Greetings and salutations. I was in fact going to write a response to your article long before I got to Page 2 and saw my name mentioned :). I am a wine journalist and write for the New England Wine Gazette. I cover all of the wineries from Maine down to Connecticut and Rhode Island. That was a pretty cheap shot you made at Nashoba Valley Winery! I actually know *many* "wine connoisseurs" who enjoy blueberry wine. Sure, you don't drink blueberry wine with filet mignon. You don't drink riesling with a filet mignon either, and it doesn't mean riesling is a bad wine. It just means the match isn't a great one. I have served the dry blueberry merlot to many wine fans with a variety of hearty dishes, and it goes really well.

As you and I are both "women who are not young", I would have thought you'd be encouraging people to drink blueberry wine! Take a trip down to Connecticut sometime, to the DiGrazia vineyard. It's run by Dr. DiGrazia who is a medical doctor specializing in older women. He has done a great deal of research on antioxidants and how critical they are to women as they age. He actively promotes and makes blueberry wines because the antioxidants are so potent in these wines. If you were going to slam a local wine as not being worthy to drink, I could have pointed several out to you, but to slam Nashoba's blueberry in particular makes no sense at all to me.

As far as the later pokes at me, I did smile at them. You don't like the word "intrigued"? Weren't you ever intrigued by a story idea? I'm a wine writer, wines intrigue me! That's why I write about wine. And in fact, my ability to write about wine is severely hampered because Massachusetts has some of the worst liquor laws in the US. Here's a typical conversation I have with wineries.

Winery: Hi, Lisa, I love your wine site and writing style! Our winery is about to bottle all of its rieslings in screwcaps to make wines less expensive for our buyers and to prevent the wines from getting mouldy. Would you like to try a bottle of our riesling and write about the flavors?

Me: That's a great idea, I would love to! I am in Massachusetts. Who carries your wines?

Winery: Oh, we can't find a distributor in Massachusetts to carry us, they claim our winery is too small. Also, it's illegal to ship to your state. Sorry, we have other phone calls to make.

My wine website is international and gets over a million pageviews a month. However, I can only write about wines I taste. To do otherwise would be unethical. I always buy the wines I review myself for the same reason - to keep the reviews ethical. If I can't even buy the wine - wines that pretty much every other country and state can receive - then I am now at a large disadvantage compared to wine writers anywhere else.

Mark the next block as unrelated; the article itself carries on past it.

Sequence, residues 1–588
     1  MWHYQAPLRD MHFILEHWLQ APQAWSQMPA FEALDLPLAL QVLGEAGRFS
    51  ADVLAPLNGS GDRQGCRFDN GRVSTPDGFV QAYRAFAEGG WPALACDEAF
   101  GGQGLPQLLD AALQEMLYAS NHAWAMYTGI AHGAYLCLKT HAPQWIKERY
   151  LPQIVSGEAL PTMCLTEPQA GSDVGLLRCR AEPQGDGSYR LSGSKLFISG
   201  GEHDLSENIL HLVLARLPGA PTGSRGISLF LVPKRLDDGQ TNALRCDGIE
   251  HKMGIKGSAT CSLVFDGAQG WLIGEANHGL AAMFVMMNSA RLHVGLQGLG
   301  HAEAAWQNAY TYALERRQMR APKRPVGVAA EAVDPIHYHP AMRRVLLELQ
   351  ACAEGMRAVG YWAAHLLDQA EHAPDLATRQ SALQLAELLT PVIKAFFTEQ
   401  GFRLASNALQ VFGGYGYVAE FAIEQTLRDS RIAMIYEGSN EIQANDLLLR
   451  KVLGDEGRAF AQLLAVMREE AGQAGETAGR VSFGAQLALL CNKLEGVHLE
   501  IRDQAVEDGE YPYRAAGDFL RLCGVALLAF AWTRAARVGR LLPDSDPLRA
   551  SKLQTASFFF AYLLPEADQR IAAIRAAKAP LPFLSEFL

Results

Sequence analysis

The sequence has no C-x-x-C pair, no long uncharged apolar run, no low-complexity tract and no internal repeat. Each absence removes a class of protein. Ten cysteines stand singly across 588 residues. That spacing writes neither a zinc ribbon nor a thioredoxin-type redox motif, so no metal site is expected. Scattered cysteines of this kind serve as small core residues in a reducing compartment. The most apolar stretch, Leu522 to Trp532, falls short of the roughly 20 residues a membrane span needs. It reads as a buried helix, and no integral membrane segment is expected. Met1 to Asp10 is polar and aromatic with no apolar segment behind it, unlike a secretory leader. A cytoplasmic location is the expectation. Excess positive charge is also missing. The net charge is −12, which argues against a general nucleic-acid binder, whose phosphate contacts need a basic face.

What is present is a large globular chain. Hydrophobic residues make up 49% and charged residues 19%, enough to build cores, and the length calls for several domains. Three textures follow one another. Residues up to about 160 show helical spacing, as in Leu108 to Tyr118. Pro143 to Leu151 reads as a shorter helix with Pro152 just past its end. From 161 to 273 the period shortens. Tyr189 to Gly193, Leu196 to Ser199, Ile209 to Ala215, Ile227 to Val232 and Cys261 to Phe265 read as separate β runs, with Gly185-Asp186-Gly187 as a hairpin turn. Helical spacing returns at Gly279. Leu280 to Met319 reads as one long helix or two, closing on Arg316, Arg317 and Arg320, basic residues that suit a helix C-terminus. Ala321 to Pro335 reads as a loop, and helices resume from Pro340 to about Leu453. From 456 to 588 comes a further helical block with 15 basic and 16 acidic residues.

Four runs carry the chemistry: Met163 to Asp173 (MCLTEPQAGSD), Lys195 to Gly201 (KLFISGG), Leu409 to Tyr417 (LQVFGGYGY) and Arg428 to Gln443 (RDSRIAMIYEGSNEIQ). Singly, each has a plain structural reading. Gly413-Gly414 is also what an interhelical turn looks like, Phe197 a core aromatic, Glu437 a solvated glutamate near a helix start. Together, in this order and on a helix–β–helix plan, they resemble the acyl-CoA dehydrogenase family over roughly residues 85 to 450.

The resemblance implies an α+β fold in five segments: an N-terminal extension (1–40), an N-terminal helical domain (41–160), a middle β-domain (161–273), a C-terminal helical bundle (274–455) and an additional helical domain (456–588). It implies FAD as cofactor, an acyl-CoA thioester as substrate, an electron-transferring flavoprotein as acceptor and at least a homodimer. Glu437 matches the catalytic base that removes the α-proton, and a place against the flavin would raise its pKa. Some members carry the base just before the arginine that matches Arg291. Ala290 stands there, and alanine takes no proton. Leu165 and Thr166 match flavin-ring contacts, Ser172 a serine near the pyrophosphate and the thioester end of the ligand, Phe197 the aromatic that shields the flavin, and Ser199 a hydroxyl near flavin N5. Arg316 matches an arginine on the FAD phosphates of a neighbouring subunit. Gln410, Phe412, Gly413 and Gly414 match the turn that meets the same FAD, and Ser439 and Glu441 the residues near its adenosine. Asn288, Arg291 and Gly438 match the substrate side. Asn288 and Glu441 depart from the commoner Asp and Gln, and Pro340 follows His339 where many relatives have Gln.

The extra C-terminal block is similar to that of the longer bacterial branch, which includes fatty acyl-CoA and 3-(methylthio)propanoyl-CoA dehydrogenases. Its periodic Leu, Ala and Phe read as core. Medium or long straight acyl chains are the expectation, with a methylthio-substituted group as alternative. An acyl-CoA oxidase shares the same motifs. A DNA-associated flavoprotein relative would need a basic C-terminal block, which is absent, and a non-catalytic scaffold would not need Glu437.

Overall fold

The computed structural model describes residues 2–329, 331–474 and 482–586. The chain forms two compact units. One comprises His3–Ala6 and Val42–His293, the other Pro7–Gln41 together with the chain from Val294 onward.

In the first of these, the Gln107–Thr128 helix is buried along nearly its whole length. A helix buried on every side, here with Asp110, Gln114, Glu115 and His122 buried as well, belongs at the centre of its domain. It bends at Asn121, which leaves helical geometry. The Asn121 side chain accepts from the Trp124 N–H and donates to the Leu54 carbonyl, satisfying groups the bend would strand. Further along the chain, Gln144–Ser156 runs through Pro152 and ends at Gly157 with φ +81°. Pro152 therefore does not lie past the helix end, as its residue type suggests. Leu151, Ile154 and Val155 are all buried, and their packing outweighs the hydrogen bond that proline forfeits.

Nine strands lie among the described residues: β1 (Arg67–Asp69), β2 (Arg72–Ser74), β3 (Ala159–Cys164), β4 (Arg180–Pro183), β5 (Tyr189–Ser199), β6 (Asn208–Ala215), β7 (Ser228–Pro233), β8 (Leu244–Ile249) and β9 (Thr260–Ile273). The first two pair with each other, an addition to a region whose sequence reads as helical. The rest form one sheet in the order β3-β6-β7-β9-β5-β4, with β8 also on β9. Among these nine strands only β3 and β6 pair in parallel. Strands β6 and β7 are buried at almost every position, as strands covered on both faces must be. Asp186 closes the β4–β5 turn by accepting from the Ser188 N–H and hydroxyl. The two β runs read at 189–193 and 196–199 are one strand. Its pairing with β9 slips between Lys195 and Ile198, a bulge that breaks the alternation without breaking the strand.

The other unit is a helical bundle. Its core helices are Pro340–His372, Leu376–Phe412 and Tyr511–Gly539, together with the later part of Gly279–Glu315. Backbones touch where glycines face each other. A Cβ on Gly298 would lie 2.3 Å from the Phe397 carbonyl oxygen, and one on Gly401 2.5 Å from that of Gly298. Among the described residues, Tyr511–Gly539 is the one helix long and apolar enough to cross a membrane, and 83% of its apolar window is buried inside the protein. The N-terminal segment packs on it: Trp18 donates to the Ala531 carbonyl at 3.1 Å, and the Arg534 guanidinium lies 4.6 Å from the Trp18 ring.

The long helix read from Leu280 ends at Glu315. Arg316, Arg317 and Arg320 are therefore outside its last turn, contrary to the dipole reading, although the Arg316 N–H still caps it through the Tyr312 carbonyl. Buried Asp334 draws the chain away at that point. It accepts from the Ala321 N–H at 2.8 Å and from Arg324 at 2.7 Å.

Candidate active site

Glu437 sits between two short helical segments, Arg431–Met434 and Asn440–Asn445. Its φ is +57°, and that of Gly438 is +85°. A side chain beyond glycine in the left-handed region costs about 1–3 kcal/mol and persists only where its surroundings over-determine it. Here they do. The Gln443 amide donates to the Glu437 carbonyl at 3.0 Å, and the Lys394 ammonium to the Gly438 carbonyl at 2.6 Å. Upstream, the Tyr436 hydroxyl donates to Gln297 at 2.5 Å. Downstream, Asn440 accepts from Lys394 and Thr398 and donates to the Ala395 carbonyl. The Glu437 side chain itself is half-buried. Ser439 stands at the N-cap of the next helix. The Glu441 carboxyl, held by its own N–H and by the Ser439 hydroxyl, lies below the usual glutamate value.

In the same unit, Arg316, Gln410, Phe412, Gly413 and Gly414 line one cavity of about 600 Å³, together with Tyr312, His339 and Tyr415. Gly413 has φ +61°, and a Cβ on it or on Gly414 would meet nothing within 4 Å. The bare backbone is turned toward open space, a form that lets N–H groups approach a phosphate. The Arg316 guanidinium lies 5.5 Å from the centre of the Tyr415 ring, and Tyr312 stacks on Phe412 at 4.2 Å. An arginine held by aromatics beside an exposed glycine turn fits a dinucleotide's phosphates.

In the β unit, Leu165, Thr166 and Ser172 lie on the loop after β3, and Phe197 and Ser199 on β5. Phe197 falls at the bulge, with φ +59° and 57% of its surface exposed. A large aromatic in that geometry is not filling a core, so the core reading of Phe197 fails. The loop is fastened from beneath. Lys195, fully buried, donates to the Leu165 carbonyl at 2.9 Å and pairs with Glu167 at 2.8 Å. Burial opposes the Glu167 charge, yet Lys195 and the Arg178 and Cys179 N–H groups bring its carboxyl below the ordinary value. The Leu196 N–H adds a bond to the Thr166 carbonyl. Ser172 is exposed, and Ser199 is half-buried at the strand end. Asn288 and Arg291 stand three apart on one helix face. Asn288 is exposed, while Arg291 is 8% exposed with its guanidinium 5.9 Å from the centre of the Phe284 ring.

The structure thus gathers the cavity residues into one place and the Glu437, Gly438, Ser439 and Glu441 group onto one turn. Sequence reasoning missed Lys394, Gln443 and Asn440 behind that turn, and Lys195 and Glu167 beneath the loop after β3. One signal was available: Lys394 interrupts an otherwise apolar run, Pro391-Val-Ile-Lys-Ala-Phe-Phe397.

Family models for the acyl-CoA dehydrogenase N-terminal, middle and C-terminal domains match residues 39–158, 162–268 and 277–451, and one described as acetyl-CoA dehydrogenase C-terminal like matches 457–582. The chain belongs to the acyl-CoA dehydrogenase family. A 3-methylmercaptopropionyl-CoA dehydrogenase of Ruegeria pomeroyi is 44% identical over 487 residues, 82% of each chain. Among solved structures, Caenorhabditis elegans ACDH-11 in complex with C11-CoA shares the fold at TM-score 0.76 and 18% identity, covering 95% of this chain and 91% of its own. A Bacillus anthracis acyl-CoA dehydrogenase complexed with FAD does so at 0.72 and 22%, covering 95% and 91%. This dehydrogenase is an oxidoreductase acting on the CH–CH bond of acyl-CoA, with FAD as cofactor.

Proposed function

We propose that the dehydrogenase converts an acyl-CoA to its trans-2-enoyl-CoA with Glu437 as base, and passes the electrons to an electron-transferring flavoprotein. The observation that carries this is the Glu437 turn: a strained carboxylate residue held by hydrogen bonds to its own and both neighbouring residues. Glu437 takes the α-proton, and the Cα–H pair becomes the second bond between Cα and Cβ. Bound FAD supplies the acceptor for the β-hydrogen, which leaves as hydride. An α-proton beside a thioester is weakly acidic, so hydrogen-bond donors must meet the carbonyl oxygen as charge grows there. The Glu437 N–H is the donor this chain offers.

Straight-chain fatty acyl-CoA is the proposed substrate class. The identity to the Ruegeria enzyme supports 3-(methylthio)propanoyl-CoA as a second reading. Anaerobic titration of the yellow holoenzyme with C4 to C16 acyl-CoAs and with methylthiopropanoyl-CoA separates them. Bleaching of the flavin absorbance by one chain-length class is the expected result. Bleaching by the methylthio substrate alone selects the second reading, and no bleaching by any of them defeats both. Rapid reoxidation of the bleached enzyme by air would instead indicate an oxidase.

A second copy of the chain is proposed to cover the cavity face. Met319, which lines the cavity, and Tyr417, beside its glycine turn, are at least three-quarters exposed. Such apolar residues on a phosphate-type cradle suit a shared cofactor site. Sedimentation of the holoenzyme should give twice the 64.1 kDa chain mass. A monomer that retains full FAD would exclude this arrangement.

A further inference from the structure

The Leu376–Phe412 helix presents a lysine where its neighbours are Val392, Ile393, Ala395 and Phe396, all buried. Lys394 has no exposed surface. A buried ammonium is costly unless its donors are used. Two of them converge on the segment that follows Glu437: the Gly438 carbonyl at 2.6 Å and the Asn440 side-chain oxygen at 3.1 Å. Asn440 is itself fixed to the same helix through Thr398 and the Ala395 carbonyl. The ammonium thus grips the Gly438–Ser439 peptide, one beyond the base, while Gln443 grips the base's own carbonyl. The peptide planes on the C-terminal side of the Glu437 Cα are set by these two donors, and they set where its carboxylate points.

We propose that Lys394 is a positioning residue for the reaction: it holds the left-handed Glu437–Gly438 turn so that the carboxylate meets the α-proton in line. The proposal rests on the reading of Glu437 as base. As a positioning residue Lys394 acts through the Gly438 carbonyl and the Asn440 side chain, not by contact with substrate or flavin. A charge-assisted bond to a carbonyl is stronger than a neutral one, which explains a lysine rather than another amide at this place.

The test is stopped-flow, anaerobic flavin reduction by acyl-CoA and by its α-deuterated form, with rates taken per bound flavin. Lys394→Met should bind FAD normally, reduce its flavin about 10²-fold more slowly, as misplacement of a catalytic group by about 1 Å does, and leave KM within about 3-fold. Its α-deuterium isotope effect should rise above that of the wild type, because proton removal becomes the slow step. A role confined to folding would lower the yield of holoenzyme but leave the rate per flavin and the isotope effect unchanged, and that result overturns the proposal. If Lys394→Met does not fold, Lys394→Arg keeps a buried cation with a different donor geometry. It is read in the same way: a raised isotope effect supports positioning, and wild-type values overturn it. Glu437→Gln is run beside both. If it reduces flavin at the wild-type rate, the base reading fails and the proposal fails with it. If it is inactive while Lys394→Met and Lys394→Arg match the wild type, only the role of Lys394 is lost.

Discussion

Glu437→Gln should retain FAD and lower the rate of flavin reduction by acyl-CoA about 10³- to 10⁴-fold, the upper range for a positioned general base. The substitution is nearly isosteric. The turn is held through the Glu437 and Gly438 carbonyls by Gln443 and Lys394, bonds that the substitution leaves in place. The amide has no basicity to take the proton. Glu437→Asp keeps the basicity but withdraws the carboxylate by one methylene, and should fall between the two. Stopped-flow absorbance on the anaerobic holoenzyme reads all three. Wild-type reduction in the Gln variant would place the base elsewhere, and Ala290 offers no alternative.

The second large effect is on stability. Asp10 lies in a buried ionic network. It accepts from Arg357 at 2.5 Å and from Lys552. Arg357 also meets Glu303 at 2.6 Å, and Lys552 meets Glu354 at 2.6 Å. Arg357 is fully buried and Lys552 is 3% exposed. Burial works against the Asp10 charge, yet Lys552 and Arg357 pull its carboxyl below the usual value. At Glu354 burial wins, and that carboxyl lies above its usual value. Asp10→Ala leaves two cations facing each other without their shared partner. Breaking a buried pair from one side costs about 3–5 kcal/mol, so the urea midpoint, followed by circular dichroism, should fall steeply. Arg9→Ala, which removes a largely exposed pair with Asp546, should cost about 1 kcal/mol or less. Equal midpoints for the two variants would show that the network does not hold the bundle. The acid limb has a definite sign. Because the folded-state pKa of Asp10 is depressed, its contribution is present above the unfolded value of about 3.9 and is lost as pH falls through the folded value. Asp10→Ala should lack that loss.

Don't even get me started on the other ways Massachusetts causes trouble for small business owners. I created a LLC to protect me legally. In just about every other state, this costs $25 up front and $25 a year. Massachusetts charges $500 up front and $500 every year - for the EXACT SAME PROTECTION. I would have thought, as the defender of the little people trying to improve their lives, you'd have been all over this sort of thing.

If you'd just gone to google and typed in "Lisa Shea Wine" it would have been easy enough to see why this is so important to me. In fact, you can just type in "Lisa Shea" :). If you're saying that, as a journalist, I shouldn't complain to my senator when laws are actively harming my ability to compete with journalists in other states, then I do have an issue with that stance.

To see why I'm actively interested in shipping issues, be sure to check out the Cost of a Wine Bottle Breakdown!

Press about Lisa Shea / WineIntro.com

All content on the WineIntro website is personally written by author and wine enthusiast Lisa Shea. WineIntro explores the delicious variety and beautiful history which makes up our world of wine! Lisa loves supporting local wineries and encouraging people to drink whatever they like. We all have different taste buds, and that makes our world wonderful. Always drink responsibly.